Tuning up Power Equipment for Spring
Tuning up Power Equipment for Spring

by Ron Marr

Your lawn and garden machinery might not share your righteous appreciation of warm days and blue skies.

Mowers, blowers and trimmers tend to be out of sorts when awoken from their winter slumber. A bit of TLC and end-of-winter maintenance will soon put them in fine form. A couple hours dedicated to tune-ups will also save you time, money and aggravation in the months ahead.

Lawnmower Tune-Up Tips

1. Start by cleaning dried and compacted grass from the underside of the mower deck. Soak caked-on grass with a hose, and then scrape it off with a screwdriver or putty knife. Wear gloves to avoid green-tinged hands.

2. Replace any belts that show signs of wear, or that are more than four years old.

3. Remove the blade (or blades) and sharpen it. Most small engine shops will sharpen blades for a very small fee. Sharper blades make for faster, more accurate jobs.

4. Check the air pressure in your tires. Inflate them to the specs shown in your mowers manual. If you lost that manual in 1994, check the model number online -- many manuals can be found there, regardless of the machines age.

5. Change the oil and filter. Oil flows more easily if you run the engine for a few minutes before draining.

6. Inspect the fuel filter -- and the line running from the filter to the tank. Its a good idea to replace them annually.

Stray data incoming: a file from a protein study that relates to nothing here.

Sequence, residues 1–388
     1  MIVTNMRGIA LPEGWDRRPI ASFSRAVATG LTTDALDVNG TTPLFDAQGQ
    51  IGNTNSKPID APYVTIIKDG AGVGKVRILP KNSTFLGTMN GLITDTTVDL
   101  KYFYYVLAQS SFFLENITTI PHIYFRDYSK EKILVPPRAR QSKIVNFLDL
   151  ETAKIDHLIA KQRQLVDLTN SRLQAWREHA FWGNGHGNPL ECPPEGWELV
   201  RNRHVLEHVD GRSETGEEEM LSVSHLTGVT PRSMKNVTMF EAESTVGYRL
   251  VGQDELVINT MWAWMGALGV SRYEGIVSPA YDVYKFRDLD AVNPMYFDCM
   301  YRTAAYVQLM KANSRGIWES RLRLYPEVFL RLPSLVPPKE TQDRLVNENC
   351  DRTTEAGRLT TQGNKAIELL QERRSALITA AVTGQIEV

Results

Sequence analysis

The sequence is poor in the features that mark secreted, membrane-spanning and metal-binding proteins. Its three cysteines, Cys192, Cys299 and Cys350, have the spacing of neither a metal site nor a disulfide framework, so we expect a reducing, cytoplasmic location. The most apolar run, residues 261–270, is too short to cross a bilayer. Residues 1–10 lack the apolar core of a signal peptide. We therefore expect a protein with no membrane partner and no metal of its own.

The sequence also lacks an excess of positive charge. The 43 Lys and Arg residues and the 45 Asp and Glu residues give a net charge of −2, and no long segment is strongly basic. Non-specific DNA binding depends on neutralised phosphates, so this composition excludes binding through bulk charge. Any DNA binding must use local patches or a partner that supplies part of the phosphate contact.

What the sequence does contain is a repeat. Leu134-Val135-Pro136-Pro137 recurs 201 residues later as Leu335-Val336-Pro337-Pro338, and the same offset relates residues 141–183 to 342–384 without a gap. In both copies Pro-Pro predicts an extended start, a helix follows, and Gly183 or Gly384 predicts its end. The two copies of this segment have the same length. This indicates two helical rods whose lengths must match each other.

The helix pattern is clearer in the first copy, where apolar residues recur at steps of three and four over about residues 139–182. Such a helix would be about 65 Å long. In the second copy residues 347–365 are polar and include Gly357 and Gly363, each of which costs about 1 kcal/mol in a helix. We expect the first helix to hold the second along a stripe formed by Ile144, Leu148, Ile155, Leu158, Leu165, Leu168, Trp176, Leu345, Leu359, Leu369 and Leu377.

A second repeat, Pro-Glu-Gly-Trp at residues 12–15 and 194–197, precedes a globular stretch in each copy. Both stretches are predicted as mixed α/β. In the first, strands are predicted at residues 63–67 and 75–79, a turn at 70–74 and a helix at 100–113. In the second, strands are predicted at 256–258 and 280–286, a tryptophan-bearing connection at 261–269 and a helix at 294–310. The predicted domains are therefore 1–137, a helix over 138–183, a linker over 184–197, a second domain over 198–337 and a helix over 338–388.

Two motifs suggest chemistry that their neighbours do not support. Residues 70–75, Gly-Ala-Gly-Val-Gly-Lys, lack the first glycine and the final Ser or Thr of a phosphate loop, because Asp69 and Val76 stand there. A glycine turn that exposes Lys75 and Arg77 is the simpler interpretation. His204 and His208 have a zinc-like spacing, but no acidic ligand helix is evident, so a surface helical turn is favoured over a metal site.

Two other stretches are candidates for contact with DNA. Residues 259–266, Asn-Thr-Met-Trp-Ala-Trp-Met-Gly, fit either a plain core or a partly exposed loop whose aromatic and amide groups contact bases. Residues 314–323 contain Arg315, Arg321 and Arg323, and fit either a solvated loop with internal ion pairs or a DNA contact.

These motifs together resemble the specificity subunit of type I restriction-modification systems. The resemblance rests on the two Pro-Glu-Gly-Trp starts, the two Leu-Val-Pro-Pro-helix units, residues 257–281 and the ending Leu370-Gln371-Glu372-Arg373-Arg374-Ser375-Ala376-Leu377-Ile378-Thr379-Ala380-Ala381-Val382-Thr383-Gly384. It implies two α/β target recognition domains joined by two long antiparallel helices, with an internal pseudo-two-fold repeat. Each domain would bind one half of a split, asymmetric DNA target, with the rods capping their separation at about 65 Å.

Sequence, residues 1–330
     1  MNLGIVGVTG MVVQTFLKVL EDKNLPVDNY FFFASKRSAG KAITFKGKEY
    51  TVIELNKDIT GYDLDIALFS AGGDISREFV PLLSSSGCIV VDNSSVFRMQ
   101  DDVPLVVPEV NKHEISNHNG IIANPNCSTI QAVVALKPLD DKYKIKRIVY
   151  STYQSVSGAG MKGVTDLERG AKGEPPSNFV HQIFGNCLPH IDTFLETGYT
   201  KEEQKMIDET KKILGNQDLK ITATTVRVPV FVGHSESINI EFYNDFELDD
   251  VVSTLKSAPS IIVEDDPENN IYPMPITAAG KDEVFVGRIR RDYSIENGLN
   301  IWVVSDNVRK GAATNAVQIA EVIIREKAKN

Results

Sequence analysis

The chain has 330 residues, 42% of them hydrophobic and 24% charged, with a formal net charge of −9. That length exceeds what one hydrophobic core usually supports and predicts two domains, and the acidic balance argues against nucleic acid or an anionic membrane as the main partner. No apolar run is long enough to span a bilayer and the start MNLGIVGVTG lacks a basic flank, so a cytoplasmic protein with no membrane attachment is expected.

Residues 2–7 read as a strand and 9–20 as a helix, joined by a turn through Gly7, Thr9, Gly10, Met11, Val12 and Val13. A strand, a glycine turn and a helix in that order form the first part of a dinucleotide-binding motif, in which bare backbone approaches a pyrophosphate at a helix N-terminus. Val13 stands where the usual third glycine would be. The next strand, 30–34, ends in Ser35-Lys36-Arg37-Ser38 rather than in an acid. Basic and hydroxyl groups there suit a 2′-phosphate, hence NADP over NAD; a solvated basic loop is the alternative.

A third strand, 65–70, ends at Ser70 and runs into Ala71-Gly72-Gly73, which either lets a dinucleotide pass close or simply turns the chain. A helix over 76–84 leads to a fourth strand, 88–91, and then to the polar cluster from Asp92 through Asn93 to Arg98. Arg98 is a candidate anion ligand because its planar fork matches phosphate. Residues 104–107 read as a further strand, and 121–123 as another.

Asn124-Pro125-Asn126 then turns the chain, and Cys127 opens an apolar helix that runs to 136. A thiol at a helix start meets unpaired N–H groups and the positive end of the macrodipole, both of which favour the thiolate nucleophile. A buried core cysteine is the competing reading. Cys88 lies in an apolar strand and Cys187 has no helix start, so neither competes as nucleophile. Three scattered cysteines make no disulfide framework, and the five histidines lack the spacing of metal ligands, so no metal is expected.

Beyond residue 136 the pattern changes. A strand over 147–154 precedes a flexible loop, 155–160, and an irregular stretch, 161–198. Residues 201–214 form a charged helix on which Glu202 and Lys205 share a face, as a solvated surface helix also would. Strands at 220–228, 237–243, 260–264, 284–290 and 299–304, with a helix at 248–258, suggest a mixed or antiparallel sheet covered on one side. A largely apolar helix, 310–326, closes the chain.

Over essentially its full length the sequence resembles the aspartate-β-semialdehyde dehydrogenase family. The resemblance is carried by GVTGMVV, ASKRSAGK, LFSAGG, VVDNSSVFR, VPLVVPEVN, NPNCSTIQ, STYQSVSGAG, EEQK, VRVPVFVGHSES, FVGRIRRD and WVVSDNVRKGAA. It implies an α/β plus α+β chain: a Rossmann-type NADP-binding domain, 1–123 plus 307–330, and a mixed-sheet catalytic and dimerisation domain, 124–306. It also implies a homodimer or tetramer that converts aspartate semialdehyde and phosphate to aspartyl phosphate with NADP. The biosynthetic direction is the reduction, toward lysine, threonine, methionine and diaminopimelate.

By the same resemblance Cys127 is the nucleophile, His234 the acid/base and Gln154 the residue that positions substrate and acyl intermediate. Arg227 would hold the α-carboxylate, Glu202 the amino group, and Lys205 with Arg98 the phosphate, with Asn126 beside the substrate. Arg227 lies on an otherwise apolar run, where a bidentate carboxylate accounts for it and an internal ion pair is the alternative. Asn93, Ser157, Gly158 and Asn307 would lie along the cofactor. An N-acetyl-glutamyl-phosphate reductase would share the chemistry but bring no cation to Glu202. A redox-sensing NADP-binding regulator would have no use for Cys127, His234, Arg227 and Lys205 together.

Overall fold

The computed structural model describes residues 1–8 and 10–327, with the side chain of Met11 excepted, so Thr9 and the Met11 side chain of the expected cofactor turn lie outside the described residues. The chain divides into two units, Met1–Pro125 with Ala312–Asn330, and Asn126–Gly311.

7. Clean the air filter by blowing it out with an air compressor. Replace the filter if its extremely dirty (or black).

8. Replace the spark plugs.

9. Test your mowers battery. A few hours on a charger might return it to full power.

10. Flush old gasoline from the tank. Replace it with fresh fuel and add fuel stabilizer.

11. If your mower lacks an electric starter, inspect the starter cord and tensioning spring.

Tuning up the Two-Stroke

The basics of lawnmower engine maintenance also apply to other lawn contraptions like leaf blowers, trimmers and weed whackers. For these machines, you should also change filters and plugs, inspect lines, check batteries and perform a thorough inspection -- but there is one crucial difference. Most of these devices are powered by two-stroke engines (as opposed to the four-stroke engines found in mowers).

Two-stroke engines typically require an oil and gasoline mixture. Keeping this in mind, empty and refill the tank according to manufacturers specs. Remember, different types of machines have different needs.

Leaf Blowers

1. Make sure the throttle trigger, throttle lock and stop switch are working as intended.

2. Look over the collection bag on a leaf blower. It should be free of rips and holes, and the zipper should be functional.

3. Clean the fan blades on the flywheel.

4. Inspect the engine housing, making certain its free of cracks.


1. Make sure the throttle trigger, throttle lock and stop switch are working as intended.

2. Inspect the blade and blade guard. The blade must be centered and should be sharpened. Off-center blades cause vibrations that can damage the machine, which can possibly lead to injury. Replace a cracked blade or blade guard.

3. Check for worn areas on the clutch, clutch spring and clutch drum.


Ron Marr is a long-time woodworker and luthier whose work can be seen at marrsguitars.com. He is also a frequent contributor to The Workbench Life

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